“About those chopped-down potentates and lords: many of them, one couldn’t help but notice, were not the most attractive specimens on the block: bulbous, jowly men; fat men who told women they needed to lose weight; ugly men drawn to industries organized around female appearance. Men with weird hair. Is it wrong of me to bring this up? We do, after all, move through the world as embodied creatures. I wondered what it felt like, if you’re such a guy, one who’s managed to accrue some significant portion of power in the world but you’re still you—coercing sex out of underlings. When you look in the mirror, is it a great white hunter you see staring back, with women as your game of choice? Sure you’ve won, you’re on top, but isn’t every win a tiny jab of confirmation about your a priori loathsomeness? If sexual domination assuages something for certain men, is it because somewhere inside lives a puny threatened runt, and extracting sexual compliance is some form of recompense? One woman, who’d fought off the advances of a naked, pleading film producer, recalled that he thereupon broke into tears and said she’d “rejected him because he was fat.”
The essay centers around a review of former Miss America Gretchen Carlson’s recently released book, Be Fierce: Stop Harassment and Take Your Power Back.
“It was Carlson’s good fortune that her new book, Be Fierce: Stop Harassment and Take Your Power Back, came out two weeks after the first round of charges against Harvey Weinstein surfaced, reminding the world that she’d been the one to light the fuse that started the conflagration. Carlson’s 2016 sexual harassment lawsuit against Fox chairman Roger Ailes netted her a $20 million settlement, an apology from Fox, and Ailes’s head on a platter, handed to her by Rupert Murdoch fils. (Murdoch père then tendered Ailes a $40 million parting gift; Ailes died the following year.) Unfortunately you won’t learn any of this from Be Fierce—you don’t get $20 million without a nondisclosure agreement.”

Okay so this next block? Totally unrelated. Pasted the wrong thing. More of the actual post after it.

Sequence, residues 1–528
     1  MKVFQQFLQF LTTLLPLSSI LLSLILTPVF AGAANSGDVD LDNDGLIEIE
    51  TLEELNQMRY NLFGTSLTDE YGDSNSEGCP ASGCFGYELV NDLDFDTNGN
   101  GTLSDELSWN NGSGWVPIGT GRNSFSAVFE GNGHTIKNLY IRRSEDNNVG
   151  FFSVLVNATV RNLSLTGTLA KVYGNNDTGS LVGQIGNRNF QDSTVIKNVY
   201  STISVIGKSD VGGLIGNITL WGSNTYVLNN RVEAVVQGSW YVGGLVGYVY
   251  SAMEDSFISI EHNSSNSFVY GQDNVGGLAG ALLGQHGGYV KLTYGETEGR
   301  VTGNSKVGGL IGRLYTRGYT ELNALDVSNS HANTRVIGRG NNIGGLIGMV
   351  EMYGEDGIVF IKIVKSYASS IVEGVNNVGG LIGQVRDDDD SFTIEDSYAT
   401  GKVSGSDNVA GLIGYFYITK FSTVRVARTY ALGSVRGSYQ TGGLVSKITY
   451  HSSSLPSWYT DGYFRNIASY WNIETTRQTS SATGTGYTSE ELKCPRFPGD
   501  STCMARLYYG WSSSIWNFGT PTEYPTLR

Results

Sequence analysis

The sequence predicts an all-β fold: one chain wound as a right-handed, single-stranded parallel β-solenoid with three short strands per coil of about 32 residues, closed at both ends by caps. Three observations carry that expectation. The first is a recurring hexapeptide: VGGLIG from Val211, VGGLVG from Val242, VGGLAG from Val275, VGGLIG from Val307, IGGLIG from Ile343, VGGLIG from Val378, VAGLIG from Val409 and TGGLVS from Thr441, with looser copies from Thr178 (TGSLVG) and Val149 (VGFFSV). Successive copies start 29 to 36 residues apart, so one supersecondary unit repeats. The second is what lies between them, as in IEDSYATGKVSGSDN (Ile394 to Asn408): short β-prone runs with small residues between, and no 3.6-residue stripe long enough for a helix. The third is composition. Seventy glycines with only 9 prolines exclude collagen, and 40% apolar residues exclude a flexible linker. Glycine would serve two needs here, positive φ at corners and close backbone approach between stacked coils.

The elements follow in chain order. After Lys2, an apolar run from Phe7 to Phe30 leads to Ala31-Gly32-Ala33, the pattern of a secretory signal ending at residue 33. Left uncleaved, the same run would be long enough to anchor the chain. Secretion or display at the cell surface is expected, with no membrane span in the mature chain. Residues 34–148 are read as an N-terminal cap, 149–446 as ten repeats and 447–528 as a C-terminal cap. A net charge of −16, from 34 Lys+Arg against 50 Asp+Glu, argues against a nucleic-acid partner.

Kipnis focuses on the toxic nature of many work places like FOX news, where women are expected to perform a certain objectified and submissive role.
“Then there’s the trademark Fox mouth: lips glossed to perpetual blow-job readiness. One illuminating tidbit from Sherman’s reporting is provided by a former Fox makeup artist who tells of female anchors dropping by to get their makeup done before private meetings with Ailes. “I’m going to see Roger, gotta look beautiful!” they’d say; at least one of them resurfaced post-meeting with the makeup on nose and chin gone.